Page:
pers to find out what is
going on in our own
nation. Last Saturday,
community activists con-
vened at a small house on
the west side of Ann Arbor to witness video
footage compiled by independent journalists
of the police brutality at the Free Trade Agree-
ment of the Americas conference in Miami
last month. The footage, and the lack of media
exposure of what actually happened, is living
proof that our country's media is currently
divorced from our Founding Fathers' vision of
a scrutinizing press that would constantly keep
the public informed about the imperfections of
its leaders in order to keep democracy afloat.
Here are just a few crimes caught on video
by journalists at the Independent Media Center
that mainstream media completely ignored:
A police barricade informed a crowd of
protesters that if it did not disperse within two
minutes, they would be arrested. The crowd,
putting discretion before valor, complied by
rotating 180 degrees, and walking away chant-
ing, "we are dispersing." After a period bla-
tantly under two minutes, the police tackled
the protesters from behind and arrested them
for failure to disperse.
When police pinned down a nonviolent
protester with a broken hand, his fellow pro-
testers tried to inform the police that he was
injured. Subsequently, the police used tasers to

quell their message. The tasers shoot a cord
with a pin that penetrates the victim's skin to
employ the shock. The removal process is
unbearably painful, and it is difficult to
remove the pin without causing excessive
bodily injury.
A trihawked protester and self-described
"Alcoholic against the FTAA" was pelted
with 20 rubber bullets for flicking off a police
barricade.
In addition, there are accusations of sexu-
al harassment and assault by police against
female and transgendered protesters. This
footage will most -likely be used as court evi-
dence in upcoming lawsuits against the
Miami police.
As someone who has witnessed the infa-
mous clashes between Catholic civil rights
activists and Ulster Unionist paramilitary huns
in Northern Ireland, I must say that the collec-
tive behavior of Miami's riot cops was rela-
tively egregious but undoubtedly beyond the
legal framework.
In the interests of full disclosure, two Uni-
versity activists who were arrested while dis-
persing are close friends of mine, so my
emotional investment in this matter leaves me
with some bias, but that does not excuse the
fact that their patriotic rights of dissent were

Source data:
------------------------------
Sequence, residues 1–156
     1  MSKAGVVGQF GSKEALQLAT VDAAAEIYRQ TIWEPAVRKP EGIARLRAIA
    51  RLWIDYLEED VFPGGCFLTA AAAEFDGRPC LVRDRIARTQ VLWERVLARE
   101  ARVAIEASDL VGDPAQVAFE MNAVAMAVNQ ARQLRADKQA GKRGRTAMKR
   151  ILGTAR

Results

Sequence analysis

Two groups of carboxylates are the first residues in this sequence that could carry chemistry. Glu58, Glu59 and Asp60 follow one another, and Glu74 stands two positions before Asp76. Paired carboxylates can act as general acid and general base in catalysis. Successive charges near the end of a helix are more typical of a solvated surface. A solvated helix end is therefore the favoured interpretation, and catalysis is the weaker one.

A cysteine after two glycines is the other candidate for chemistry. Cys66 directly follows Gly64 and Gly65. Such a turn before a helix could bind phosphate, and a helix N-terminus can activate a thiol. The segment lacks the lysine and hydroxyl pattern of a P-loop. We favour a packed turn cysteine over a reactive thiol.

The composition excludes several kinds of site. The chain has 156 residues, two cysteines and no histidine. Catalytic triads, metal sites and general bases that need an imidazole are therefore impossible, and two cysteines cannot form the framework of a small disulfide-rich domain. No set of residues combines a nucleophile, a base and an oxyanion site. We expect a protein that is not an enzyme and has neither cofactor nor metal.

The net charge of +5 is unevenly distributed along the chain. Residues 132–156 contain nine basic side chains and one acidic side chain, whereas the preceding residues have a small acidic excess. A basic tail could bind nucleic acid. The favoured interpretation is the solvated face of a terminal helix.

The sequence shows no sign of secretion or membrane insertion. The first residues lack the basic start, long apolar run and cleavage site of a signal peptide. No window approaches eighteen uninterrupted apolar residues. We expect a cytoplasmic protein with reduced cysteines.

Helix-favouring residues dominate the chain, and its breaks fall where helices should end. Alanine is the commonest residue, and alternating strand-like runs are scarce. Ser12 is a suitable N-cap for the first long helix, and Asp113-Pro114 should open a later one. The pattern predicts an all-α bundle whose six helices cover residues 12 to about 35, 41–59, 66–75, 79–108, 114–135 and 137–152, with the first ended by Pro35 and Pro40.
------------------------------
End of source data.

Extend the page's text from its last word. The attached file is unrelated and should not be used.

trampled upon by employees of the state.
But what has most tragically been violated
in this ordeal is our right to be informed about
our government. Mainstream television and
newspaper coverage from that week was shal-
low, and footage coming from the police per-
spective dwarfed any minuscule view that the
police may have actually done something
wrong. Because most Americans are divorced

from the political process in America, it is
their fundamental right to be informed about
all aspects of their government, the good and
the bad. It is essential to democracy that the
media bring the problems of government to
light. So when the media are biased in favor of
the state, and information about abuses of
power are hidden from the populace, our
democracy is in trouble.
What else didn't you hear? While Bush
and his business partners where salivating
over the potential profits their FTAA policies
would yield, countries like Brazil took a hard
stance against them and refused to back
down fearing what the FTAA would do to
them and their way of life. Bush's dream did
not come to life in Miami that week. But you
didn't hear about this because the only North
American daily newspaper that reported this
that I could find was the Toronto Globe and
Mail. David Cross' humorous remark is trag-
ically sad and true.
The debate surrounding our mainstream
media should not revolve around accusa-
tions of them being liberal or conservative.
Our media's duty, in the interests of the
democratic process, is to hold our elected
officials, regardless of party affiliations,
and their policies accountable by proliferat-
ing access to all information. Our media are
failing, the parameters of the First Amend-
ment are becoming more and more mean-
ingless and without change, our democracy
will revert into the system our Founding
Fathers fought against.

Paul can be reached at
aspaul@umich.edu.

LETTERS TO THE EDITOR

Henretty needs to relax,
look at the world from dif-
ferent Perspectives
TO THE DAILY:
I was thoroughly amused at Aubrey
Henretty's column today (Say 'perspective'
one more time - I dare you, 12/09/2003).
Becoming so irate as to be filled with
"righteous indignation" about someone,
"stealing" her seat seems like a bit of an

become too comfortable; if you do, you
might become the kind of person who. wigs
out and writes an angry column in the Daily
if ever someone dares to shove you out of
your routine and force you to look at the
world from a different angle.
Note how I avoided saying "perspective."
KRISTIN JACQUE
Engineering freshman
'Oriental' a word to
describe food, not people

The usage note goes on to say that, "its use
other than as an ethnonym, in phrases such as
Oriental cuisine or Oriental medicine, is not
usually considered objectionable."
So even though Owens' "family and
friends have used that term," you may want
to think twice before using it yourself. "Ori-
ental" as an ethonym is hardly considered a
curse word, but its usage is dated and could
be misconstrued as disrespectful.
NICOLE TUTTLE
LSA Senior

UNDER YOUR TREES
at- -m --- a S- -o